This year’s budget bill approval process was an example of poor leadership

By EDITORIAL
On June 19, 2018

The manner in which the approval of the fiscal year’s budget was irresponsibile from both members of student government and administration. ORACLE PHOTO/CHAVELI GUZMAN

The process of deciding on and implementing an annual budget bill for an institution of USF’s stature is something that should take extreme poise, educated decisions and putting the desires of oneself aside to best serve the student body.

However, this was not the case with the Activity and Service Fee Recommendation Committee (ASRC) 2018-19 budget proposal. A controversial line-item, known as the endowment, resulted in members of Student Government’s (SG) legislative branch and administration being at odds with one another.

This was mistake number one.

Members of administration referred to USF Investment Policy 6.028, which states that Activity and Service Fee dollars are to only be housed in university accounts. Administration cited this to say that the endowment broke university regulations and therefore could not be approved.

Failing to put their differences aside and work on a compromise as soon as tensions flared resulted in an extended approval process for the budget, with many departments, organizations and students left questioning what their 2018-19 academic year would look like fiscally.

From there, a difference in fiscal calculations further divided the two parties.

This was mistake number two.

With SG presenting certain facts and figures of the budget, such as departments receiving a five percent cut to operations, while administration presented numbers that claimed departments were to receive 15 percent cuts from their annual budgets overall.

Confusion ensued.

The way both parties presented numbers, as if they were attempting to vilify the other, was deceitful. It allowed students and employees of the university to be used as pawns in the budgetary power struggle. These acts, among others, now have left SG in a position where priority number one should be regaining the trust of the student body. On the same token, members of administration will now have to better assess the impact that their actions have on a fiscal process.

With an eye to the future, both parties should consider working together to present information that is accurate and uniform so that those voting on, and working around, a budget proposal are able to do so with minds clear of confusion.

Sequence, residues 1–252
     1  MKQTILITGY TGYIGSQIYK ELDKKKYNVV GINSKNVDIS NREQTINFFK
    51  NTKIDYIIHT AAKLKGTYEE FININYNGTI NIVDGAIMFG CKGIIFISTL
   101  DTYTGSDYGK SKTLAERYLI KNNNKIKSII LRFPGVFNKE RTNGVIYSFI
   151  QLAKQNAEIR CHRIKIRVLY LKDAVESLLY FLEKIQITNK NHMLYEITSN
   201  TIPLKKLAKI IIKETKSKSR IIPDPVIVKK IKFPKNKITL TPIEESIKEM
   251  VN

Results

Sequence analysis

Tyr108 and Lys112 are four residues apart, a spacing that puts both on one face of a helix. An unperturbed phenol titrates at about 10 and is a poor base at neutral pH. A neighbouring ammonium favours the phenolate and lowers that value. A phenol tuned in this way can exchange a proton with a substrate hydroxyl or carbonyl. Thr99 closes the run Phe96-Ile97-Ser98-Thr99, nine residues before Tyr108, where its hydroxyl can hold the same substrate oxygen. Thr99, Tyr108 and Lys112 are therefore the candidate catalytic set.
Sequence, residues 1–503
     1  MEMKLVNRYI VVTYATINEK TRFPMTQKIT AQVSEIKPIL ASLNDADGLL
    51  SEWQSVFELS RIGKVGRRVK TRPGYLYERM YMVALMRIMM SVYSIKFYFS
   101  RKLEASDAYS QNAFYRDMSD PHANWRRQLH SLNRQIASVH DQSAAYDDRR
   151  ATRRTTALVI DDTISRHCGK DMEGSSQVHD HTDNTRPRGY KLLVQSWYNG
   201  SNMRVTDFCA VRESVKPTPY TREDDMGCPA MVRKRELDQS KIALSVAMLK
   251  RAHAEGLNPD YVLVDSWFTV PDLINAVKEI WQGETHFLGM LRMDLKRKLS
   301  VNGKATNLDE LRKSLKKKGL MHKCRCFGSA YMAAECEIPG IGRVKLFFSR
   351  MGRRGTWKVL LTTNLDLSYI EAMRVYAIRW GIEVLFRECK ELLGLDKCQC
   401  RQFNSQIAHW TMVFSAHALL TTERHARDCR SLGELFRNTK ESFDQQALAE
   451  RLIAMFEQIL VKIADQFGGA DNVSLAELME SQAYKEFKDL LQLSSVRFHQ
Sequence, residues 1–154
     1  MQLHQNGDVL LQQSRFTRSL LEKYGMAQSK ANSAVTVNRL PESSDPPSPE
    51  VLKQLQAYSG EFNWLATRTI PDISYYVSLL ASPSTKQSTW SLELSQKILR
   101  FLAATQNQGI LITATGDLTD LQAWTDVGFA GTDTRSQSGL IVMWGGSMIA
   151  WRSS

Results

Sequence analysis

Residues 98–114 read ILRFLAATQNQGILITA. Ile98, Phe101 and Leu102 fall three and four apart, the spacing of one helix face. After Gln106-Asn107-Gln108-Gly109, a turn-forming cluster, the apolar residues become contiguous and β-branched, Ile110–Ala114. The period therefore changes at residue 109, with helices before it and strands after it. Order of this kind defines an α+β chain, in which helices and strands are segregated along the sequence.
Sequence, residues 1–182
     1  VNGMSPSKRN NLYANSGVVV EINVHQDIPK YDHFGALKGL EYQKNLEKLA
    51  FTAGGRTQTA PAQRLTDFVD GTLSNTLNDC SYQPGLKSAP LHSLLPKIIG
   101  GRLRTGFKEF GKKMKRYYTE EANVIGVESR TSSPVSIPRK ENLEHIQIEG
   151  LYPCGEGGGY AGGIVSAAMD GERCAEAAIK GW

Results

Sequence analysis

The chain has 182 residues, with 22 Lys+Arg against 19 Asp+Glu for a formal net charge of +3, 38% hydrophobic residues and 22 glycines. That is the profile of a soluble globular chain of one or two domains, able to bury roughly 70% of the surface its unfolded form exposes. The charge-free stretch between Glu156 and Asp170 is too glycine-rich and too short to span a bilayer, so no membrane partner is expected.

Student organizations were directly solicited in an attempt to gain support for one side over the other.

Consider this the final mistake.

ASRC chairman Aladdin Hiba sent a letter to student organization leaders claiming their budget was in severe danger of being zero-funded on May 8. This was done without any inclination that this was the case from administration.

Hiba’s email was in response to Vice President of Student Affairs and Student Success Paul Dosal sending a letter to student body president Moneer Kheireddine the day before, informing him that he was ordering the budget to revert back to the previous fiscal year (2017-18), since an adequate decision could not be made on the budget proposed by SG.

Within Dosal’s letter to Kheireddine, he clearly stated that though this may seem to have a negative impact on student organizations, he will work alongside SG to ensure that they get the best versions of their requested budget allocations for the year.

The letter saga did not end there, however, as Dosal would fire off another letter. This time directly to student organizations, notifying them of the inaccuracy of the claims made by the ASRC chairman.

By directly involving student organizations in a juvenile attempt to garner support over the opposing party, members of SG acted unprofessionally. This resulted in administration doing the same to prevent further misunderstanding among the student body.

All in all, a failure for both parties to get on the same page until seemingly the last minute has resulted in unnecessary conflict and confusion among members of the university system. In the future, both SG and administration should better consider the impacts that their short-term decisions have on those who they represent and lead, not just the long-term verdicts.

It should also be expected that the actions of this year’s budget approval process is not the new-normal and should be a representation of what not to do for years to come.

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